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Man sitting with his laptop and phone in a business possible vulnerable to wardriving attacks.

A wardriving attack involves an attacker seeking out publicly available Wi-Fi networks with the intent of finding a vulnerable connection to attack. The process typically has an attacker driving around businesses or residential areas with a laptop, tablet, or smartphone that has software designed to locate open Wi-Fi connections. Unlike many cyberattack methods, the process of searching for open Wi-Fi connections is not illegal by itself, and searching for open internet connections is something most smartphones do automatically. However, malicious actors will come back to the vulnerable connections they find to conduct cyberattacks and steal data from businesses or private networks.

How Wardriving Works

Attackers begin the wardriving process by setting their vehicle up with an antenna or other hardware necessary for picking up as many signals as possible from the area they are in. They will also use legal and freely available software to locate and attempt to connect to open Wi-Fi signals in their area. Once a network is found, the attacker will use illegal means, such as brute forcing a Wi-Fi router’s password, to acquire unauthorized access to the network and begin launching further attacks. While wardriving is most associated with a vehicle, malicious actors can look for vulnerable networks by biking or walking around an area to look less suspicious while setting up their attack.

Further Attacks on SMBs

If an attacker successfully gains unauthorized access to a network through wardriving, they can potentially gain access to devices on the network, monitor network traffic, and/or launch malware attacks. This can lead to information quietly being stolen from the business over a long period of time or a successful ransomware attack that shuts the business down. When a hacker has gained access to a business’ Wi-Fi connection, anyone who uses that connection is also at risk of having their information stolen or malware attacks launched on their device. Wardriving sees continued use by malicious actors because businesses often prepare for other attack vectors and are taken by surprise when their Wi-Fi connection is not protected.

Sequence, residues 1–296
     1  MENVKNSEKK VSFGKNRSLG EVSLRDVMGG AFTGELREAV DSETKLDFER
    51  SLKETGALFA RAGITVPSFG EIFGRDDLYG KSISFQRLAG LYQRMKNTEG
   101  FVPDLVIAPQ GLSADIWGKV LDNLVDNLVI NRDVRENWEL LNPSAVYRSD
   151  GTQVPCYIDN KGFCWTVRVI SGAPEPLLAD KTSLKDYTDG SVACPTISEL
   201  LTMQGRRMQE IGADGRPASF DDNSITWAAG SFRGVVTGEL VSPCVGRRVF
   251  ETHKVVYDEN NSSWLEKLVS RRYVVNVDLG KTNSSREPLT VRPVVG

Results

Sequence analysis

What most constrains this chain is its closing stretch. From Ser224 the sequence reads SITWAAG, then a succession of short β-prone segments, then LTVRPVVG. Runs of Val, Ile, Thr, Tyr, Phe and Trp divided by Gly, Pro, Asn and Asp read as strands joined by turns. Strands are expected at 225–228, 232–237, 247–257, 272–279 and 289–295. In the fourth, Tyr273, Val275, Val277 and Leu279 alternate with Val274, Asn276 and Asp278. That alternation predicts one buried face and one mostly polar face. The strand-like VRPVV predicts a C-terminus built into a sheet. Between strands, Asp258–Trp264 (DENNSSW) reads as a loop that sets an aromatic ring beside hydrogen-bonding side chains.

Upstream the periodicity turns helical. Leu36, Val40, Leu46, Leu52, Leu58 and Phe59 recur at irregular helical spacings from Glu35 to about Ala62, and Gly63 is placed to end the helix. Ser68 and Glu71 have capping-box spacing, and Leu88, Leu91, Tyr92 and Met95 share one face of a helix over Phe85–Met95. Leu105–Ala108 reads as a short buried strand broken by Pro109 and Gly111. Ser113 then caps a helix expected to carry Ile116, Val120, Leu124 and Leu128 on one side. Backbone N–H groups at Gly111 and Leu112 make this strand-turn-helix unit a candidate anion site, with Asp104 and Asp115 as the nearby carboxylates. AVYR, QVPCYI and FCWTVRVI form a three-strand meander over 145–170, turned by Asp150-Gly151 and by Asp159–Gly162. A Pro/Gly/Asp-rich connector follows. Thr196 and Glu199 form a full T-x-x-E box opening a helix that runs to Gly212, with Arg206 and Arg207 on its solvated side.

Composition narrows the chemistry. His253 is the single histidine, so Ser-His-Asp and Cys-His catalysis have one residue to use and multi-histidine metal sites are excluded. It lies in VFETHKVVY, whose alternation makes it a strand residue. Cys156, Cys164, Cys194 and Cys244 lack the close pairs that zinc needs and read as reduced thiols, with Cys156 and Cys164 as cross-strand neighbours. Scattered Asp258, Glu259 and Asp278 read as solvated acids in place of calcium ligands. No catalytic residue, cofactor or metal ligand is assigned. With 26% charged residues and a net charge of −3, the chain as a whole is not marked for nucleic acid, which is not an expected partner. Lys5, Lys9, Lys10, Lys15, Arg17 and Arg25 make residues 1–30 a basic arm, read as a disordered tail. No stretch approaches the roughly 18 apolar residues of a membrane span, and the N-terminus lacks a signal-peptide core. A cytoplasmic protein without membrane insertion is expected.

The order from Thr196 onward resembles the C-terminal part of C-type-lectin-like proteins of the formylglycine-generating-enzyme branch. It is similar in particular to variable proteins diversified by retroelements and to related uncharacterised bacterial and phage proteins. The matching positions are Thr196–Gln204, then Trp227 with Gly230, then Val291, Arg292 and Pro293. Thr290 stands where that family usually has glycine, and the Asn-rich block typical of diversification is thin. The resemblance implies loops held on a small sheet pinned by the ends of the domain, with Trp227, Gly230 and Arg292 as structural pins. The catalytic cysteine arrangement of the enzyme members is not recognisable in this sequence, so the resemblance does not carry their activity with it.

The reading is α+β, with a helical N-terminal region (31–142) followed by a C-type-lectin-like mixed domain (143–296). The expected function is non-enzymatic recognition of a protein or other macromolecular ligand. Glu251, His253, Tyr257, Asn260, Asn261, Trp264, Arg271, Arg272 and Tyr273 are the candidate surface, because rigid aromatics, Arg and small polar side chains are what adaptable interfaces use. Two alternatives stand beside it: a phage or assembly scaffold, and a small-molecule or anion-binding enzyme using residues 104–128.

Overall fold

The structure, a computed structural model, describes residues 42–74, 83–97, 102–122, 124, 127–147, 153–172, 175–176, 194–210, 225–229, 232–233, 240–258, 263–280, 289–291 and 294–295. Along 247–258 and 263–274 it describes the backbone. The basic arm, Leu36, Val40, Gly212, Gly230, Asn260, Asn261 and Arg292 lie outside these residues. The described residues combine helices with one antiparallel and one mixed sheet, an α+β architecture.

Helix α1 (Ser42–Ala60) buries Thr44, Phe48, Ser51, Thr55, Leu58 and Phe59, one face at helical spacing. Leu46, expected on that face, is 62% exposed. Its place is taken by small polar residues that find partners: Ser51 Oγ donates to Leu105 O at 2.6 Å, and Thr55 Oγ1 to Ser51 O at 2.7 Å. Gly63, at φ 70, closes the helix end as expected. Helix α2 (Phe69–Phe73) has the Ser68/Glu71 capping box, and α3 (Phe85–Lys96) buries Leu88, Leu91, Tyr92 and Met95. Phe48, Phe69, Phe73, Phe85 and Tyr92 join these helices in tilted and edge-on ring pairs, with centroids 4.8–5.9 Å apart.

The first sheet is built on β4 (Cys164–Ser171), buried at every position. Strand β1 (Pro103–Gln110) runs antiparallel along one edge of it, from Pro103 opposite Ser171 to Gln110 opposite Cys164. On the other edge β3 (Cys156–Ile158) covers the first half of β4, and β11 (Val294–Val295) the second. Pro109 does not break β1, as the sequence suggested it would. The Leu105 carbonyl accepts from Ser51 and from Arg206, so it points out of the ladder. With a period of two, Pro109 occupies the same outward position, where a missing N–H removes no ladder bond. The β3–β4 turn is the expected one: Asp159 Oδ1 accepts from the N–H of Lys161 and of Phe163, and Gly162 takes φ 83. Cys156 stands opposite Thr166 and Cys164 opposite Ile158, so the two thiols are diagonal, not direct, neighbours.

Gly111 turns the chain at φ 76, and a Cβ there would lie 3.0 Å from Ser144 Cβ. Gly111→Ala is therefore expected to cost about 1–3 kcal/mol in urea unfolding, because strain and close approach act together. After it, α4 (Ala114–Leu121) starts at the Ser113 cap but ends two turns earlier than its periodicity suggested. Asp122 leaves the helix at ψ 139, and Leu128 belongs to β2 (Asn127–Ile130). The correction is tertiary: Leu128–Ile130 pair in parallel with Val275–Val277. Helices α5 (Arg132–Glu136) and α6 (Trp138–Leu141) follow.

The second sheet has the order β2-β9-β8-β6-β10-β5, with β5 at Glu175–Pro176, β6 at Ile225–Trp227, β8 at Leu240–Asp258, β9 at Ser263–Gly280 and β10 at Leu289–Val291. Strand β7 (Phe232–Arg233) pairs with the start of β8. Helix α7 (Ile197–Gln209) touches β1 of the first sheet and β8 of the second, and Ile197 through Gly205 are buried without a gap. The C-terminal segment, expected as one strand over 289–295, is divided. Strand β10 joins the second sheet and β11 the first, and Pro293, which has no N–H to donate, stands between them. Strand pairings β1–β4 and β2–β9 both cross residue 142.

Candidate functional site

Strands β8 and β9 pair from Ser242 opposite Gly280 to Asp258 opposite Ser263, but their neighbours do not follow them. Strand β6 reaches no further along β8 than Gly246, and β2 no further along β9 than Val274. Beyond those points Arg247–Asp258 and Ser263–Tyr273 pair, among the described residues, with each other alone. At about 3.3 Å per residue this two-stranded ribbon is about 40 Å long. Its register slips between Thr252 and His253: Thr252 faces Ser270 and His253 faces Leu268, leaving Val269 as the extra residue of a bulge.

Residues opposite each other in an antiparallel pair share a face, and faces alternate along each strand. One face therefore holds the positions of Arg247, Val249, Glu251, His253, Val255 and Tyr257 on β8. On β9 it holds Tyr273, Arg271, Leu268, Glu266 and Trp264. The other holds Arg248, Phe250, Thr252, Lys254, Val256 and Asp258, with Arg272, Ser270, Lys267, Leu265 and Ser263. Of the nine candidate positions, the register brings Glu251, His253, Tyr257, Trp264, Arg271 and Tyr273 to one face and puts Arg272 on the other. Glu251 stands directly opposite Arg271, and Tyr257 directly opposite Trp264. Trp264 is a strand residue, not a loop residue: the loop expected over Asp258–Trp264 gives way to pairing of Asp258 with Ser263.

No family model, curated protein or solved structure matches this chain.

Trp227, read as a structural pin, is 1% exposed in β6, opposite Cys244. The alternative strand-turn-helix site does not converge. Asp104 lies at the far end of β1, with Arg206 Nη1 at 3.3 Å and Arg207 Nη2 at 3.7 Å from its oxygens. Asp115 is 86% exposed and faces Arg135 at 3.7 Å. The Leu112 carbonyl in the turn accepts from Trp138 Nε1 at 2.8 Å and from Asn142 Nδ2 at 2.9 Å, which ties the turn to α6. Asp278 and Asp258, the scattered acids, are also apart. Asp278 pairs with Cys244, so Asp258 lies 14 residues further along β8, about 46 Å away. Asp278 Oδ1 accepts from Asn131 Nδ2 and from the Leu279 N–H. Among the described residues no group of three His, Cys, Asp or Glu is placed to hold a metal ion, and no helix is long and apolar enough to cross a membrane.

Mitigation Strategies

To help mitigate the threat of wardriving attacks, businesses should change their router’s factory-set password as soon as possible and consider encryption methods for their network. Security solutions, such as a next-generation firewall and network detection and response tools, can be used to automatically detect attackers trying to break into the business’ network and prevent entry. It is also recommended to update network equipment and make diligent patching a business best practice. Malicious actors often take advantage of unpatched technology by leveraging exploits that have recently been patched in the hopes of finding a business that has not updated their hardware and applications.


While searching for open Wi-Fi networks itself is not illegal, wardriving begins when malicious actors do so to gain access to vulnerable business networks. Once they find an improperly secured network, hackers will break into it and begin launching attacks on the business and anyone connected to the network. SMBs should implement strong security solutions and patching best practices to help prevent these attacks. To further improve the business’ security posture, SMB owners can work with a local IT consultant like Robinett Consulting to identify vulnerable areas of your business’ network and create a customized plan to get your business operating securely!

Robinett Consulting

Author Robinett Consulting

At Robinett Consulting, we are your consultative partner who strives to grow your business and have technology truly enabling you. We aim to understand you and your business so that you do what you do best unhindered by your IT.

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